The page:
Posted by Nelson Dafe, Benin | 24 November 2012 | 6,475 times
His name does not ring a bell, but the names of his products can be heard around the world. For Douglas Idahosa, a grassroots soccer coach with a knack for spotting and polishing talents, the joy is in seeing his players leave his football nursery to become big names in the round leather game. Some of the big names that have passed through his tutelage include Nigerian senior internationals Victor Moses and Elderson Echiejile.
“My dream is to be given the chance to handle any of the national teams in Nigeria,” says Idahosa in an interview with News Express. “It is something I am passionate about and, without sounding immodest, I can say that I am well equipped to succeed,” he adds.
Idahosa may not be making an empty boast, having achieved success for Nigeria in the past in the Under-13 category. In 2000 he led an Under-13 team from Abudu in Edo State to lift the maiden edition of the Dana Cup for under-13 teams held in Hjorring, Denmark. Nine years after, Idahosa in 2009 won the maiden edition of the Coca Cola-sponsored Copa Cup for grassroots teams in South Africa – becoming the first ever Nigerian coach to achieve that feat.
The youthful chief coach of Megap-BJ FC Benin City has a big reputation in the Edo State capital and Nigeria for the many number of players he has developed and turned over to the different national teams and European clubsides.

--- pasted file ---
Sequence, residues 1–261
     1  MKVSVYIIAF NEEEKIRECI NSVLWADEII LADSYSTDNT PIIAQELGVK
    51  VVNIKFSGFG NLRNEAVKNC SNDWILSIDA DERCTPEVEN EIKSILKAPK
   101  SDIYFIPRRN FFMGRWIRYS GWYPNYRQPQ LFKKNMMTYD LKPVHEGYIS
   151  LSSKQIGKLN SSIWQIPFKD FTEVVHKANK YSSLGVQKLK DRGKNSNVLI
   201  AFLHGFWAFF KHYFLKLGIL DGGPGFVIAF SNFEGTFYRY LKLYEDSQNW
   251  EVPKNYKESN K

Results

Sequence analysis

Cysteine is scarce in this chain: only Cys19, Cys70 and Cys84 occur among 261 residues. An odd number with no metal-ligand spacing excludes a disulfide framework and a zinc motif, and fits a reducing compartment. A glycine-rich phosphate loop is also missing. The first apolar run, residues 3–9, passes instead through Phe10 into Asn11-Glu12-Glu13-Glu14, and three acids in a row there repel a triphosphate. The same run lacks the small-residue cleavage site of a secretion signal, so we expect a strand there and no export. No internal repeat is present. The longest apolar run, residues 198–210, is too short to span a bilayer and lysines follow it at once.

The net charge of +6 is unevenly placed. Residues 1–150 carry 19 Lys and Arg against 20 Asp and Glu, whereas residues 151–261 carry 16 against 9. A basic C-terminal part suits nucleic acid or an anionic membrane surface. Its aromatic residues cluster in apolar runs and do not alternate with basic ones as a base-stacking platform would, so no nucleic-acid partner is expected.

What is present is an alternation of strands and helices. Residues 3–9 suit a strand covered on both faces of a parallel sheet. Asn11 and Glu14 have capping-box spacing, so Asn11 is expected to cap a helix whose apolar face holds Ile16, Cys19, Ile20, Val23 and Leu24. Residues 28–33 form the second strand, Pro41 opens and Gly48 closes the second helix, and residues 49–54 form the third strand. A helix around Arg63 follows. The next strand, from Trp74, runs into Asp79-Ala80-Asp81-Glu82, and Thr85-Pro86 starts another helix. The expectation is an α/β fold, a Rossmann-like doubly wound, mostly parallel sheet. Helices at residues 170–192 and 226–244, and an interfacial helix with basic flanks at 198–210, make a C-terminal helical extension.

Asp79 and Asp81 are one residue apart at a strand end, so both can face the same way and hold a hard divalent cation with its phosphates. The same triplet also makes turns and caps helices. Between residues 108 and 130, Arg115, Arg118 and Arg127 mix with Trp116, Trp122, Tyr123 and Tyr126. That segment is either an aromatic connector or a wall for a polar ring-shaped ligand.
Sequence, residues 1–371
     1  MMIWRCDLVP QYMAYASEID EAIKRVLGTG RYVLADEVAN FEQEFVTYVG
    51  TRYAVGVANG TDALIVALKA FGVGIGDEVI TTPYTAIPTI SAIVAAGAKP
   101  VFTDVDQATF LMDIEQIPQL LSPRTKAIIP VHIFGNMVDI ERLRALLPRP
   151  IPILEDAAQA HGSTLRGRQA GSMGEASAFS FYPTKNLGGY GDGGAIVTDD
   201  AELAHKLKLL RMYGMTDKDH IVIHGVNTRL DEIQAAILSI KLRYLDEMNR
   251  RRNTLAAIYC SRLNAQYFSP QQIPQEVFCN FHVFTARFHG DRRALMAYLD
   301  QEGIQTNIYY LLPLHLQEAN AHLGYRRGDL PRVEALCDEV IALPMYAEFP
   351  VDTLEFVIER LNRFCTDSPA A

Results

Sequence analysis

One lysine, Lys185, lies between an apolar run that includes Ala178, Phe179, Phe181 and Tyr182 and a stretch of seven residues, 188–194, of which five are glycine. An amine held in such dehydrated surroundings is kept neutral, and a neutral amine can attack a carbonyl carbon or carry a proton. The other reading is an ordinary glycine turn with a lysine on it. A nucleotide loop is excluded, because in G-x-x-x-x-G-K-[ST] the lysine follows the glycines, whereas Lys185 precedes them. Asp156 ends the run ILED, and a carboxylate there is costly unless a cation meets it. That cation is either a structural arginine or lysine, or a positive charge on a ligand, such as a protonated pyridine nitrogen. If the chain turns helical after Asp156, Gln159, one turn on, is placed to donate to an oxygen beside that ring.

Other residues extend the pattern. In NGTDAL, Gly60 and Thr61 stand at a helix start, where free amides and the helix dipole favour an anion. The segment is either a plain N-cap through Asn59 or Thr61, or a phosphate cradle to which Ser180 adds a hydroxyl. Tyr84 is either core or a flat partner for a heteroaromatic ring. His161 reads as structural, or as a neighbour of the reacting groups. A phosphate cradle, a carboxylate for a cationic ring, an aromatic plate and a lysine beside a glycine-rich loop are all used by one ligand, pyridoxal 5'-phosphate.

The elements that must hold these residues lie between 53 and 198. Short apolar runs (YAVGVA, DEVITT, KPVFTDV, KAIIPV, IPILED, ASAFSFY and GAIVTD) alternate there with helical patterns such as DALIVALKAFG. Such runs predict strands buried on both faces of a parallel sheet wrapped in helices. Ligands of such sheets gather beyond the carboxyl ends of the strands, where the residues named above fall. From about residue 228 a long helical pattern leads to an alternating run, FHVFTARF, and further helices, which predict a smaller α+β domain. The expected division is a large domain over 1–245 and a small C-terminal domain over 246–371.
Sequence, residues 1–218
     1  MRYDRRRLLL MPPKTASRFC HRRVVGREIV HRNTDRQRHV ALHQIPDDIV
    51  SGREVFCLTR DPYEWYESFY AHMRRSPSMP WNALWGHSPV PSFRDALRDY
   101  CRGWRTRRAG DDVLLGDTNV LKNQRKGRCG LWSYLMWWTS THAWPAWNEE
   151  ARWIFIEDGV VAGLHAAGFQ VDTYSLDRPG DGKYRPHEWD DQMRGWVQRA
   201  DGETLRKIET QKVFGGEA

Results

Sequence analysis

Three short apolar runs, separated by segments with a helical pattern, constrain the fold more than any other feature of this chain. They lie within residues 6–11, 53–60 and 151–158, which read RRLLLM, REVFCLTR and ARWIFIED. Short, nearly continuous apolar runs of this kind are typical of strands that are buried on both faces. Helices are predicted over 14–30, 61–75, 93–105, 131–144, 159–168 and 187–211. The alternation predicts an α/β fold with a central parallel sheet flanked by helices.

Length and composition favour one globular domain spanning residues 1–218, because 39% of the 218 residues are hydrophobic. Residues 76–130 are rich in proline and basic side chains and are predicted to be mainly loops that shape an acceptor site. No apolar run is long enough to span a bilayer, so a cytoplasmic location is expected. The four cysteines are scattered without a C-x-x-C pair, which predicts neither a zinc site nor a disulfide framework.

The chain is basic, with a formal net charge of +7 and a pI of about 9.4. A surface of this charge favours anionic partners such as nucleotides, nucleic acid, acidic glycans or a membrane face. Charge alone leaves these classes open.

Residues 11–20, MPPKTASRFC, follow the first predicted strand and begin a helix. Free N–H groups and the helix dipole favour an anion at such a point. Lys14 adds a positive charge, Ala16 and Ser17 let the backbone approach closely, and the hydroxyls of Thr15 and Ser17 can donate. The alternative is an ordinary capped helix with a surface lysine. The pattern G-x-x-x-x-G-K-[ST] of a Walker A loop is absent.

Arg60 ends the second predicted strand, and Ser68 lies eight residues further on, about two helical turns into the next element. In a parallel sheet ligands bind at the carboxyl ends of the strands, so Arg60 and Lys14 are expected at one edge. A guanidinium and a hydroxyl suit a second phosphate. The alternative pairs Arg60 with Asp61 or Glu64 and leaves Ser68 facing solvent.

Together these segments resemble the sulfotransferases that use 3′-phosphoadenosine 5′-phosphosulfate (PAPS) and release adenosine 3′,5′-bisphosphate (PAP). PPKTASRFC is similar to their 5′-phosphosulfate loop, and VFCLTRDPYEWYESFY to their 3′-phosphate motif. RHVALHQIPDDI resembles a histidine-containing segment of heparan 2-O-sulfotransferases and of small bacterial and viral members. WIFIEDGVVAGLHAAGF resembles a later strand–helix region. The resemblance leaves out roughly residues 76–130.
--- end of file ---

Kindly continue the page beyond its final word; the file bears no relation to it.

Victor Moses of Chelsea of England was a striker for Megap FC in the early 2000s where his latent skills were honed by Idahosa before he sojourned to Europe. Elderson Echiejile, the FC Braga of Portugal left back was also a regular for Megap before he switched to then Nigerian Premier League outfit, Insurance. Talking of the new generation of young stars, Golden Eaglets sensation Promise Success is presently playing under Idahosa in Megap FC.
Like a father anxious for the welfare of his children, Idahosa (seen in photo) is fiercely passionate about the progress of his ex-players even though they are not directly under his control.
“When I watch my ex-players play I am usually tensed because I want them to do well,” he tells News Express. “I am happy for the lads. They have always showed me that they have what it takes to do well for our country,” he adds.
How soon Nigeria’s football authorities will look in the direction of this proven spotter and developer of talents remains to be seen.
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